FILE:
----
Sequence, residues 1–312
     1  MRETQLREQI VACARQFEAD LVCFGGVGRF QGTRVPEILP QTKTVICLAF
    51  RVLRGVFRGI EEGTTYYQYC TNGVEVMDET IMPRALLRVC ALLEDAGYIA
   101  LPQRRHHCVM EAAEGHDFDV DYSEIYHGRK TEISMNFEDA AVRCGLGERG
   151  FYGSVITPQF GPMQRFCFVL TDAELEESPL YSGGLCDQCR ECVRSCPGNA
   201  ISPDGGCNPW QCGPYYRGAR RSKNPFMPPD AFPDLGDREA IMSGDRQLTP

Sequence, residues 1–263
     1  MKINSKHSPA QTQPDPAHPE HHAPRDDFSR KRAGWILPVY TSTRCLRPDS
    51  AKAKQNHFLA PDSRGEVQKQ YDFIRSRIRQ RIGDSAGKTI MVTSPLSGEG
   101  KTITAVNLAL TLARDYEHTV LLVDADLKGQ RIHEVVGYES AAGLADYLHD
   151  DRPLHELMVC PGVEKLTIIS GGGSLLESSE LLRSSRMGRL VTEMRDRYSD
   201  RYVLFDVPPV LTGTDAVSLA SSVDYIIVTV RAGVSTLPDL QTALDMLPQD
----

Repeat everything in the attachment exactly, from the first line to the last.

Sequence, residues 1–312
     1  MRETQLREQI VACARQFEAD LVCFGGVGRF QGTRVPEILP QTKTVICLAF
    51  RVLRGVFRGI EEGTTYYQYC TNGVEVMDET IMPRALLRVC ALLEDAGYIA
   101  LPQRRHHCVM EAAEGHDFDV DYSEIYHGRK TEISMNFEDA AVRCGLGERG
   151  FYGSVITPQF GPMQRFCFVL TDAELEESPL YSGGLCDQCR ECVRSCPGNA
   201  ISPDGGCNPW QCGPYYRGAR RSKNPFMPPD AFPDLGDREA IMSGDRQLTP

Sequence, residues 1–263
     1  MKINSKHSPA QTQPDPAHPE HHAPRDDFSR KRAGWILPVY TSTRCLRPDS
    51  AKAKQNHFLA PDSRGEVQKQ YDFIRSRIRQ RIGDSAGKTI MVTSPLSGEG
   101  KTITAVNLAL TLARDYEHTV LLVDADLKGQ RIHEVVGYES AAGLADYLHD
   151  DRPLHELMVC PGVEKLTIIS GGGSLLESSE LLRSSRMGRL VTEMRDRYSD
   201  RYVLFDVPPV LTGTDAVSLA SSVDYIIVTV RAGVSTLPDL QTALDMLPQD